A belt press is often used to dewater sludge 1 6

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A belt press is often used to dewater sludge.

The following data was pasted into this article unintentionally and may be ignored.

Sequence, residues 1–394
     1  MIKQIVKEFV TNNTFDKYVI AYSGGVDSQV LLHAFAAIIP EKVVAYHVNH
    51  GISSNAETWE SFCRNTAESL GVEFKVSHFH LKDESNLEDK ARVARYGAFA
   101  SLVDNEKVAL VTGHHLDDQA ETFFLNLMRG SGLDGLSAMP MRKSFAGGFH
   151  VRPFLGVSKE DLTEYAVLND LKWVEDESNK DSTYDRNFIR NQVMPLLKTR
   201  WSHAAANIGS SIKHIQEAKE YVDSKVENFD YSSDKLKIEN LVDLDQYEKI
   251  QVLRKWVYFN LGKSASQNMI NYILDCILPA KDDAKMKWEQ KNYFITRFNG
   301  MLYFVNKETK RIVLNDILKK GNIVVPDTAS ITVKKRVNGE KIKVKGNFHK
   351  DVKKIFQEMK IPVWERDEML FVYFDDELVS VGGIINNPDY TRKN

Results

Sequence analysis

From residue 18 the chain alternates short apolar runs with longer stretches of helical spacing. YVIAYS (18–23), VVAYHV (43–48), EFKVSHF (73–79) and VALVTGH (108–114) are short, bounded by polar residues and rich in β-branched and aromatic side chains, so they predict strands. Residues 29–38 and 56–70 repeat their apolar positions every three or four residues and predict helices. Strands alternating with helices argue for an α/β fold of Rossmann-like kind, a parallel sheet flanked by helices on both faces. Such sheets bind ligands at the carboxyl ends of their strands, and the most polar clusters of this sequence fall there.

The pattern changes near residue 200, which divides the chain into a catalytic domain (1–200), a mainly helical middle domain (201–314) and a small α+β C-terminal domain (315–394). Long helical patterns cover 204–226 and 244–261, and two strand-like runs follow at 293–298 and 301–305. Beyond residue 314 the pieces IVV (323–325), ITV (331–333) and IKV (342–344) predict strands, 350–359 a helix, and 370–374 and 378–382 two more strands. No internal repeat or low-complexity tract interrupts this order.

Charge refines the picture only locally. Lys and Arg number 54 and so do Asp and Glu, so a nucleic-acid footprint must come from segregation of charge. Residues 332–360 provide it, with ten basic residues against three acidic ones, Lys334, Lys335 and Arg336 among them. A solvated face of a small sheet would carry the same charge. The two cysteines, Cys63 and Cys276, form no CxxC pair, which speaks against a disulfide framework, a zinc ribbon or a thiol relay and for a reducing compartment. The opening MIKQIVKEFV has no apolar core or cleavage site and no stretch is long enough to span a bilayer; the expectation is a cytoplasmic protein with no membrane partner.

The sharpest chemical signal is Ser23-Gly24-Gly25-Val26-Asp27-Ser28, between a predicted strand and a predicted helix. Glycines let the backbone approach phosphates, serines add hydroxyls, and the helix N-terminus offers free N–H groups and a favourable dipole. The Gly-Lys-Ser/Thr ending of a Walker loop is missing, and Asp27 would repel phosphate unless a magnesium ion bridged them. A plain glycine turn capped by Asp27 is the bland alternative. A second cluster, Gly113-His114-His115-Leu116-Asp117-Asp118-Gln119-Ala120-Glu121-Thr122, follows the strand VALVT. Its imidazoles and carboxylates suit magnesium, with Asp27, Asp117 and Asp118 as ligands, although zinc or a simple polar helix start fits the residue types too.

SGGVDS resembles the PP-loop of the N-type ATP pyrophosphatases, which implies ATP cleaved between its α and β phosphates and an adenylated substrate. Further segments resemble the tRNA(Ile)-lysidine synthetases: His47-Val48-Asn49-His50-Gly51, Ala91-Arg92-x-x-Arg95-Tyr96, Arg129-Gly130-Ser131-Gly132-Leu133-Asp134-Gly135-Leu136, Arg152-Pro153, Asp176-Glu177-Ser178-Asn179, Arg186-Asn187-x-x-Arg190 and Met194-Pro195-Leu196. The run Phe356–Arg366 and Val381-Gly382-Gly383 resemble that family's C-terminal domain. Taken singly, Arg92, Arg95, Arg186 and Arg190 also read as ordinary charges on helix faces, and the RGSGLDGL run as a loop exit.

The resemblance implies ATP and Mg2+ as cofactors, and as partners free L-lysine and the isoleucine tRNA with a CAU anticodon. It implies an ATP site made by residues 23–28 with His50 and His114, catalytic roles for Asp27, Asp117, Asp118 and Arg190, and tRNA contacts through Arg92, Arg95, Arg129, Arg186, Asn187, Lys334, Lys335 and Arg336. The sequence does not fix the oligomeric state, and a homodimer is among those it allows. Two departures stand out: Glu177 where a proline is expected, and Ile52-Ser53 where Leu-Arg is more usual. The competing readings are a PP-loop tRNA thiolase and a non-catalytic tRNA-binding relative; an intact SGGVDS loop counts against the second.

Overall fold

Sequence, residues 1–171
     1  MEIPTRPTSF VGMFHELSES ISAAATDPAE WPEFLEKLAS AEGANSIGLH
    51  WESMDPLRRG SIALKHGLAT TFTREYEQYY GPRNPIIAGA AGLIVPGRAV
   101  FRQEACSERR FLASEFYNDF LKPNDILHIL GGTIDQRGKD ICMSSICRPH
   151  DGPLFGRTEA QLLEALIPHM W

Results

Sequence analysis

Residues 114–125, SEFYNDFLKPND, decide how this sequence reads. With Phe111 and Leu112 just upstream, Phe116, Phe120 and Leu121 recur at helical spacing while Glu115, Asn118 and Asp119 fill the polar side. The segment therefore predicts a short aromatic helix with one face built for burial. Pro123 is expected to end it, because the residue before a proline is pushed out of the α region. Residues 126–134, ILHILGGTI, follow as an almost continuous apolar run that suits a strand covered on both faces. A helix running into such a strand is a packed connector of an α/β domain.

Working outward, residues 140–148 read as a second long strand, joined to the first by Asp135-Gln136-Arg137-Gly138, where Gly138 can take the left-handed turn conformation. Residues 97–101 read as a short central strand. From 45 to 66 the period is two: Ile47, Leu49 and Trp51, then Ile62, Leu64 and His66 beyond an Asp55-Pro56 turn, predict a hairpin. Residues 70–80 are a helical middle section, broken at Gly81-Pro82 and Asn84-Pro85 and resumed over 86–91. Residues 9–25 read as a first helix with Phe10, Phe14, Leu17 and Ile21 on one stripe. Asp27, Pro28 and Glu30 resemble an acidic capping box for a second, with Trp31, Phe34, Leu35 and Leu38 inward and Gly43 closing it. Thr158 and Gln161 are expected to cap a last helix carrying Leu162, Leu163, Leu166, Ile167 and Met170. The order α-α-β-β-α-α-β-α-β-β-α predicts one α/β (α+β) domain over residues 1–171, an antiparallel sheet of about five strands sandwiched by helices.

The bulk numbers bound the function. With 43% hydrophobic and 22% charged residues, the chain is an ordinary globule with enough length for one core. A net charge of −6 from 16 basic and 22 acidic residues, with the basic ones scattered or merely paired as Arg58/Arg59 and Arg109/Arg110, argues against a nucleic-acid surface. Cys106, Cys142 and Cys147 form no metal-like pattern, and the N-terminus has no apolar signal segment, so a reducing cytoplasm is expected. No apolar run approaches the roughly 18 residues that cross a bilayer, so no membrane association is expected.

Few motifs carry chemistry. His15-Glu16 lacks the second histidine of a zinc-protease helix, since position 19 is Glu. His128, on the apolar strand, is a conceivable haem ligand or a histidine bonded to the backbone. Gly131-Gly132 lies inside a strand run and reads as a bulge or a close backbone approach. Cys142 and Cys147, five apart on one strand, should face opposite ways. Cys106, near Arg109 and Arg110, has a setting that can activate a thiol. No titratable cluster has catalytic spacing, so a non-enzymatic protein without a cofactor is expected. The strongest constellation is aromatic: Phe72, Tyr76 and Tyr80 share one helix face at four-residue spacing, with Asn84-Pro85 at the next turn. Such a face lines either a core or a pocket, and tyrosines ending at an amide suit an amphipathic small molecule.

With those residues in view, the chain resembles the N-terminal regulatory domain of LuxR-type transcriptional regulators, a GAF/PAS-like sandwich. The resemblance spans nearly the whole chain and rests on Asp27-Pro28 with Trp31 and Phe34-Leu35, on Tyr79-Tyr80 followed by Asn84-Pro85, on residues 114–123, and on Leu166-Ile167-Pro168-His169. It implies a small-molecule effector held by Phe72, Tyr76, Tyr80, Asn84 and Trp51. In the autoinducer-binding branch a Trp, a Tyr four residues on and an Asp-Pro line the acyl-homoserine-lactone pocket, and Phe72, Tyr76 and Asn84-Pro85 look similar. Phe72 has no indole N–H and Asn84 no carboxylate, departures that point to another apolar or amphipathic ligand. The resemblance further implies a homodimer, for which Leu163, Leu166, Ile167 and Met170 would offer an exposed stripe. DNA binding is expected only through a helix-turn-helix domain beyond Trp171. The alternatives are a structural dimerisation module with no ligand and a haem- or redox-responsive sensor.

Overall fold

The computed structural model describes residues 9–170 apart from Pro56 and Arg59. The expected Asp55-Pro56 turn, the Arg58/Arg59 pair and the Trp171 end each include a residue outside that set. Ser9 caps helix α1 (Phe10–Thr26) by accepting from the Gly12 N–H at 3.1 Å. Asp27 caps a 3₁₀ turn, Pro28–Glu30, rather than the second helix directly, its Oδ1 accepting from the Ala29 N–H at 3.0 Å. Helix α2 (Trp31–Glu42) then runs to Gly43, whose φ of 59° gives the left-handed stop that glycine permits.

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1-6 Handbook on Wastewater Management These systems need to be protected from cold weather by a building. Intermittent sand filters are employed in some smaller applications. As wastewater passes through the filter bed, solids are removed. Microorganisms grow in the removed solids layer and provide biological treatment of the wastewater as it flows through the sand bed. The sand will need to be replaced at some point in time. Additionally, these sand filter systems generally perform poorly in the winter. All of the secondary treatment processes produce biosolids. These biosolids are pumped to the solids treatment system for further processing. What comes after Secondary Treatment? In many plants, the next process is called disinfection. Disinfection means the inactivation of disease-causing organisms. It is sometimes confused with sterilization which means the killing of all organisms. In disinfection, the wastewater following secondary treatment is usually treated in one of two ways: (1) chlorination or (2) ultra-violet radiation. Chlorination involves the use of chlorine, either in the form of a gas (less common today), or as a liquid (sodium hypochlorite). The chlorine oxidizes the microorganisms. The effectiveness of this process is monitored by testing the fecal coliform group. This indicator group of microorganisms are easy to grow in a laboratory and are tougher to kill than pathogens. Some chlorination systems also have dechlorination systems to remove any residual chlorine. Ultraviolet (UV) disinfection systems contact the treated secondary wastewater with UV light bulbs that are encased in clear housings. The UV light kills pathogenic organisms by using a germicidal photochemical wavelength. Unlike chlorination, UV leaves no residual in the wastewater with which to be concerned. Plants that use UV must either have dual UV systems or have chlorination as a backup. Additionally, these UV systems are energy consumptive. What is Advanced Treatment? Some treatment plants may be required to remove nutrients (nitrogen and phosphorus) due to the possible negative impacts on the receiving stream (e.g., ammonia toxicity to fish). Advanced treatment processes are used to remove nutrients, additional solids, and/ or biochemical oxygen demand. Advance treatment provides a very high level of treatment that goes beyond secondary treatment. In the case of nitrogen removal, the processes are biological. For phosphorus removal, chemical additives are normally required. Where do all the solids go? Solids that settle out in the primary and secondary clarifiers are referred to as sludge. Sludge from biological treatment processes (e.g., activated sludge) are referred to as biosolids. Sludge is the byproduct of Rotating biologial contactors (Secondary Treatment).
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